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My friend, a few weeks ago, contacted me about helping him make an Ultra Violet light for his printing applications. He was looking for a high-power (approximately 100-watt) UV (410nm) LED light that he said would help to speed up and improve the curing of his print jobs. Of course he text messaged me because his knowledge of LEDs is similar to my knowledge of printing and curing...Not good - but hey, what are friends for!

The project turned out great and while it's niche, it turns out the general concept could be applied to many other applications, so I decided to document it and share!

I came up with the idea from gear I had seen on LEDSupply.com. They mainly sell LEDs, LED drivers, Optics, Strips, etc..But, they also have a few cool LED kits with all the products required to build your own reef tank lights and grow lights, which I thought could be varied slightly and used for this project. I called them up and they agreed to customize their reef tank kit with UV LEDs special for us. The kit I was originally looking at is here if you want to see it, but I also listed out as many components and links as possible below. The major difference between the kit on their site and what we have is the amount and configuration of the UV LEDs (more later).

LED Parts & Accessories (Pictured)

  1. (1) MakersLED Heatsink Kit: 14" Heatsink, Fan, Acrylic Lens & Mounting Hardware
  2. (2) MakersDriver 2Up Pro with 700mA MeanWell Drivers (2 per unit)
  3. (2) Custom UV LED Boards: 18 LEDs per Board (6 LEDs per channel @ 3 channels)
  4. (1) 48Vdc Power Supply with Power Cord: 2.2 Amp output capable of 100-Watts
  5. (1) Arctic Silver Thermal Grease
  6. (24) Red & Black 24 Gauge Wire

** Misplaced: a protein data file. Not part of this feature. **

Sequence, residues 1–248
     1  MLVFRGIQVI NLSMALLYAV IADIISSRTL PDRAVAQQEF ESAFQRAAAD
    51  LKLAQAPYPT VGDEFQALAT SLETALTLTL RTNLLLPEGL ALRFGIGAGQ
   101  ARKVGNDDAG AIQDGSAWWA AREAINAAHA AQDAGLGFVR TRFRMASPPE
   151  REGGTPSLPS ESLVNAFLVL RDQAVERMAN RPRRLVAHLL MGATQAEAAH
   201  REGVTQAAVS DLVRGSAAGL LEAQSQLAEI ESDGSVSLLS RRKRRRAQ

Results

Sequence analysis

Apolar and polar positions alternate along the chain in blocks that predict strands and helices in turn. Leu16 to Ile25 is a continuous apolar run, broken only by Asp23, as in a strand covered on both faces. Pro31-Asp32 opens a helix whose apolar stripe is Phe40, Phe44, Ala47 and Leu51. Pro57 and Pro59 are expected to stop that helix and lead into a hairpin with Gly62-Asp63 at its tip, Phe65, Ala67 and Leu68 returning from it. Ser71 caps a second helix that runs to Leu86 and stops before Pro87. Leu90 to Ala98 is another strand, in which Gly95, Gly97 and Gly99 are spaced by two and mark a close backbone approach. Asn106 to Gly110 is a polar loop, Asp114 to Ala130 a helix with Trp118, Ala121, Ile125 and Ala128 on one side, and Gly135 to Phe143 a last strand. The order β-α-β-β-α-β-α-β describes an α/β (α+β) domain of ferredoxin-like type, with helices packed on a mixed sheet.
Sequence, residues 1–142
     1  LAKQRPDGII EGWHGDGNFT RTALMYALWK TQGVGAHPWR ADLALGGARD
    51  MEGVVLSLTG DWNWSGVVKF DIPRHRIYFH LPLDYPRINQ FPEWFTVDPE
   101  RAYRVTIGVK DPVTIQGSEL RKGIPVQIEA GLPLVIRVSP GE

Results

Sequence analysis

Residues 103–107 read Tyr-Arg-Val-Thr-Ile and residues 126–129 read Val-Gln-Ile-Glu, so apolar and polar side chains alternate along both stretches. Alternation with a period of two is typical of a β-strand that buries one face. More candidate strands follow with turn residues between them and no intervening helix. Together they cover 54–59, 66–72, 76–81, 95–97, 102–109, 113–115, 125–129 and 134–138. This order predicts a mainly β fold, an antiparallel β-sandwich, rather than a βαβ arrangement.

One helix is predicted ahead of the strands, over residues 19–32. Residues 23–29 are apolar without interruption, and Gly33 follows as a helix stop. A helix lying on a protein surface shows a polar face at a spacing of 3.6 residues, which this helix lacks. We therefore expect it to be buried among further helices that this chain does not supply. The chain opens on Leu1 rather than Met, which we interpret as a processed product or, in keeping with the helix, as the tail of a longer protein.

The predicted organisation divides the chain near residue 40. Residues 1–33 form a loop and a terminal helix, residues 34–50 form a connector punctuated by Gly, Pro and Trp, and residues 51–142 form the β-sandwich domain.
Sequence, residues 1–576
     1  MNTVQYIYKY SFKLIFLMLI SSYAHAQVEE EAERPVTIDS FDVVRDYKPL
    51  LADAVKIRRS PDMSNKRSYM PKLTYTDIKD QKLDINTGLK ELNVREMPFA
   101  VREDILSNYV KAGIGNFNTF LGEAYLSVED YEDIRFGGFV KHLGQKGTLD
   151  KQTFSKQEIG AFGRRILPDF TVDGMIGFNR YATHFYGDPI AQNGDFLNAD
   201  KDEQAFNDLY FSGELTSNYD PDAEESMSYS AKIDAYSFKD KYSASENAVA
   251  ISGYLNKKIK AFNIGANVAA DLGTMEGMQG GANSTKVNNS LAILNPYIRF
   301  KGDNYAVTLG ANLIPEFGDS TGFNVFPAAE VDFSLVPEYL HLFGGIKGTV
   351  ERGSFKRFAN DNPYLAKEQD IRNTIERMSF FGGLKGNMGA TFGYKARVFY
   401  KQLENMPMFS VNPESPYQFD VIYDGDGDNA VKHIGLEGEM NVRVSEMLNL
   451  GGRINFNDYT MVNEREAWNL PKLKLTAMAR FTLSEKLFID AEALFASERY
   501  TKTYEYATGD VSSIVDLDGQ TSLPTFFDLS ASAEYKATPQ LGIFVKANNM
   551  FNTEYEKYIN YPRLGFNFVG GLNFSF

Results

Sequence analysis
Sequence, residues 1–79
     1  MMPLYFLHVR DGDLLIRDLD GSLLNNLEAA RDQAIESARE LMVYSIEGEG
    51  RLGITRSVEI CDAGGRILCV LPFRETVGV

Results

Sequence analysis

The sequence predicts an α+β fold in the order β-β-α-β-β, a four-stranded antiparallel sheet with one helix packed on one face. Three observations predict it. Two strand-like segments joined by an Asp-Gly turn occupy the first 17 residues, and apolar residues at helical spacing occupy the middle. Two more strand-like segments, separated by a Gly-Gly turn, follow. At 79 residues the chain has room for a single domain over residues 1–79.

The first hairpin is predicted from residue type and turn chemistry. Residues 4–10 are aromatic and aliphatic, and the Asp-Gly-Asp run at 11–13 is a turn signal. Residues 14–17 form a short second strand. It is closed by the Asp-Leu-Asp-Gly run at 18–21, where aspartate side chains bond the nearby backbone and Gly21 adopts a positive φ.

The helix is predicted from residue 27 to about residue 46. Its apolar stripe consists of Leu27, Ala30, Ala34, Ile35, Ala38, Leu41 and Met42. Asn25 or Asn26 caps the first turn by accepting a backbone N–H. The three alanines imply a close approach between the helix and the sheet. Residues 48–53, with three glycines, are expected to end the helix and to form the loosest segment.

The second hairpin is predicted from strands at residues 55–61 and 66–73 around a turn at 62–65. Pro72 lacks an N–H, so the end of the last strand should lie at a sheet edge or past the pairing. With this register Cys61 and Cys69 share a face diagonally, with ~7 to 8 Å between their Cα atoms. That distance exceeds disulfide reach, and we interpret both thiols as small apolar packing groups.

Tools Required

  1. Wire Strippers
  2. Screw Drivers (Phillips & Flat Head)
  3. Drill
  4. Pencil
  5. Heat Shrink (Optional)

Step 1: Organize & Plan

Again, this project turned out great. It went smooth and was relatively easy to do and didn't require many tools...BUT, we definitely laid it all out and planned ahead. Here were the main areas we focused on before jumping into the build:

  1. Complete Kit: We placed all the parts and components out to get a feel for what we had and to make sure everything we needed was there (pictured).
  2. Overall Set-Up: The fan needs to be in the center of the heatsink, which means the location of the MakersDrivers have to be at each end of the heatsink. And, because each MakersDriver needs to have wires going to the LEDs, the best place to drill holes was on each end (Pictured).
  3. LED Board Layout: Each LED board has 5 channels which can contain as many as 6 LEDs in-series. Only channels 2, 3 & 4 were populated on our boards; for a total of 18 LEDs on each board. There are numbers marking each channel and corresponding numbers and polarity marking each screw-in terminal block.